EXPLORE PAST ISSUES
Indigenous health
Vol. 13 No 3 | Spring 2011
Feature
Women and children first
Anne-Marie McHugh
RGN RM MMid ENB 997
Rhonda Bradley
RN BSc RM MMid
Dr Janet Hornbuckle
FRCOG FRANZCOG CMFM


This article is 8 years old and may no longer reflect current clinical practice.

Funding has been secured to set up centres of excellence in maternal and child healthcare in Western Australia to build capacity across the State.

The national ‘closing the -gap’ initiative has brought Aboriginal and Torres Strait Islander disadvantage into sharp focus and highlighted the significant health disparities for Aboriginal women and children. The Aboriginal Community Controlled Health Sector, through its network of Aboriginal Community Controlled Health Services (ACCHS), provides essential primary healthcare to Aboriginal women and families within a culturally safe environment.

Western Australia is the largest Australian State, with an area of more than 2 500 000km2, a 12 500km coastline and a span of some 2400km from north to south, occupying a third of the Australian continent. These expansive distances, coupled with workforce shortages and a mining boom, present significant challenges to healthcare delivery. Nineteen ACHHSs across the State provide primary healthcare services to the Indigenous population of WA.

The Aboriginal Health Council of WA (AHCWA) received a one-off project grant from the Department of Health and Ageing (WA) to establish a maternal and child health program for ACCHSs. The funding was used to prepare the sector for the rollout of the Council of Australian Governments (COAG) Early Childhood initiatives and to develop models of excellence in maternal and child healthcare across the sector. The project was monitored by a steering committee, with representation from Department of Health and Ageing, Office for Aboriginal and Torres Strait Islander Health, Aboriginal Health Council of Western Australia, The Telethon Institute for Child Health Research and Kimberley Aboriginal Medical Services Council and supported by a technical advisory group, including a midwifery consultant, also the project leader/manager, a specialist obstetrician and a paediatrician with expertise in Aboriginal maternal and child health.

Codi and Manny play at Meekawaya, the local kindy for Aboriginal children in Geraldton.

Codi and Manny play at Meekawaya, the local kindy for Aboriginal children in Geraldton.

Three project components

Funding of three ACCHSs

This was via a competitive funding round. The three ACCHSs had already demonstrated: high standards of clinical practice; commitment to become learning hubs; and the ability to build on existing services. The funding was to enable the ACCHSs to further develop an aspect of their maternal and child health program to respond to an identified unmet need. Each site identified specific local priorities and implemented targeted strategies to address specific objectives. These objectives included improving multi-agency care planning and coordination together with improving sexual and reproductive health options for teenagers.

‘Strengths and Needs’ analysis

This was commissioned by AHCWA to document a State-wide picture of the maternal and child health services provided by ACCHSs across WA. Achieving excellence in maternal and child healthcare requires information on current health-service delivery, identifying strengths as well as gaps in service provision. The analysis was undertaken by the Combined Universities Centre for Rural Health and provided valuable information for ACCHSs and ACHWA to compare the current delivery of services against the model of excellence. The 29 recommendations fit within the model of care developed by the project group, with the focus on the following broad themes:

  • Models of care: maternal and child health, including guidelines, standards of care inclusive of continuous quality improvement and action research at local level to inform this process.
  • Infrastructure: funding, communication and IT.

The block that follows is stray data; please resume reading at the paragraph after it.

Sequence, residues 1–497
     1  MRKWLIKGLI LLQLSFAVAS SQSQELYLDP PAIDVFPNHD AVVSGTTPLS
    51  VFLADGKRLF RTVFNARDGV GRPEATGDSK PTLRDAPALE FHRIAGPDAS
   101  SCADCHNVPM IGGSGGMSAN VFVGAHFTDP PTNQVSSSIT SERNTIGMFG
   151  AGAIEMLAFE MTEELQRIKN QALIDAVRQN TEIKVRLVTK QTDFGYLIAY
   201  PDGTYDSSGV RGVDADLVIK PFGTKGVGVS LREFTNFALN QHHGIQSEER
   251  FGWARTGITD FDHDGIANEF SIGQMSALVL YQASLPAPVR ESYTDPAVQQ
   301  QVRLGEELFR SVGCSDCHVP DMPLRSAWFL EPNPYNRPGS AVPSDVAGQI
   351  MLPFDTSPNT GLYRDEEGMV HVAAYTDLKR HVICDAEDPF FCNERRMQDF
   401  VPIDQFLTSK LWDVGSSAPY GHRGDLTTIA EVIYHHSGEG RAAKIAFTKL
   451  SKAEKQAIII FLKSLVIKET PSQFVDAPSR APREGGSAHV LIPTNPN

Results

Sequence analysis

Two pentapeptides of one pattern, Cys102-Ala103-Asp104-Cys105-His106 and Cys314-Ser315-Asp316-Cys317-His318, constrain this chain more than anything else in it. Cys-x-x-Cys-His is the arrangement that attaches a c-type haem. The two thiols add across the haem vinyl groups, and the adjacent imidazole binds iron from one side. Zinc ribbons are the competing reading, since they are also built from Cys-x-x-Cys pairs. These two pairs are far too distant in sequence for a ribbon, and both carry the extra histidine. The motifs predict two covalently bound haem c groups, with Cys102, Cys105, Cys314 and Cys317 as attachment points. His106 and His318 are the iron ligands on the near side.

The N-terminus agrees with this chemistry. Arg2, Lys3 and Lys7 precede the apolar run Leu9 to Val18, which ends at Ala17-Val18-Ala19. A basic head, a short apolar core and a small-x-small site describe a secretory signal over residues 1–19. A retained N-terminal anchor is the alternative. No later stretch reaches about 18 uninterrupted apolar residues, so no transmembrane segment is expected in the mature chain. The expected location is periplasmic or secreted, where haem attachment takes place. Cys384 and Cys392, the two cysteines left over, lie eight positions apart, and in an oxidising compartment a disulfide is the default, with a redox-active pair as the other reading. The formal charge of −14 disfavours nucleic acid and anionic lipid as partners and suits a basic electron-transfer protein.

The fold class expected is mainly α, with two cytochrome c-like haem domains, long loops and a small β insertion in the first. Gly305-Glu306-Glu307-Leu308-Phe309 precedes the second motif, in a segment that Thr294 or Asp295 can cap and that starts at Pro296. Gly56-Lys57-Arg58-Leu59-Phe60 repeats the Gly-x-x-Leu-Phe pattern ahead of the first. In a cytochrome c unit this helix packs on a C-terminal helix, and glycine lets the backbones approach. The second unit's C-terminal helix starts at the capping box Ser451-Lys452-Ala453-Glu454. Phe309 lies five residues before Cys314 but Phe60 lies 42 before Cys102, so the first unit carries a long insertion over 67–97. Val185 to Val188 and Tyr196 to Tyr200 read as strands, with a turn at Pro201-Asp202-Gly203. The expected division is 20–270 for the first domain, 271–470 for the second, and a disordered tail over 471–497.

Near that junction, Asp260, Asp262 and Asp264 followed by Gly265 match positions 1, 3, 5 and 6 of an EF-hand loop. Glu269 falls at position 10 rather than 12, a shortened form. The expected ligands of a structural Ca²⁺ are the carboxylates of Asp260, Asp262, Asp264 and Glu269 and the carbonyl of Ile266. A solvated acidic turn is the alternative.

• Partnerships: integration and referral.
  • Workforce: training and development.
  • Health promotion.

Before the analysis, the services highlighted that comprehensive maternal and child health services require adequate resources and gaps in service provision reflect the complexities of care delivery, particularly in rural and remote settings. These concerns were noted by AHCWA Board members, with the Board reassuring services that their commitment to undertake the analysis ensured services would be further supported at regional planning forums and would be better prepared for the implementation and roll out of the COAG national partnership agreement in WA.5

Natalie and Lila have accessed services at GRAMS.

Natalie and Lila have accessed services at GRAMS.

Raven Sky lives at Kardaloo Farm, a small Aboriginal community about 45 minutes drive from Mullewa, she is being held by her grandmother.

Raven Sky lives at Kardaloo Farm, a small Aboriginal community about 45 minutes drive from Mullewa, she is being held by her grandmother.

The maternal and child health model of care

The maternal and child health model of care was developed using a toolkit approach with the overall aim of supporting all primary care services to make a significant contribution towards COAG’s Indigenous Reform Agenda for Maternal and Child Health.5 The process led by the Technical Advisory Group was continuously informed by the ACCHSs to ensure the document provided support to implement safe, high-quality, evidence-based care within a foundation of cultural safety. Although specifically designed for use in the Aboriginal Health Care Sector the model is easily transferable to other areas of maternal and child health supporting the development of primary healthcare and the importance of service linkages with other stakeholders.

Funding for ACCHSs comes from a variety of sources and in addition to the complexity of short-term project funding, services are overburdened with separate and frequently duplicated reporting requirements. However, in order to build capacity, it was essential that services were able to capture the changes that the targeted funding and support achieved, to report on capacity building strategies and share learning across the sector. The method chosen to capture this activity, in line with a quality improvement and clinical governance process was the development of a maternal and child health dashboard providing a user-friendly method to benchmark activity and monitor performance against the model of excellence. The dashboard was adapted from a tool used to monitor the implementation of principles of clinical governance ‘on the ground’.6,7 Service managers, health professionals and fund holders using a visual ‘traffic light system’ received up-to-date information regarding resources, clinical activity, risk management issues and community engagement to enable early identification of issues of concern and ensure the overall goal to improve maternal and child health outcomes was on track.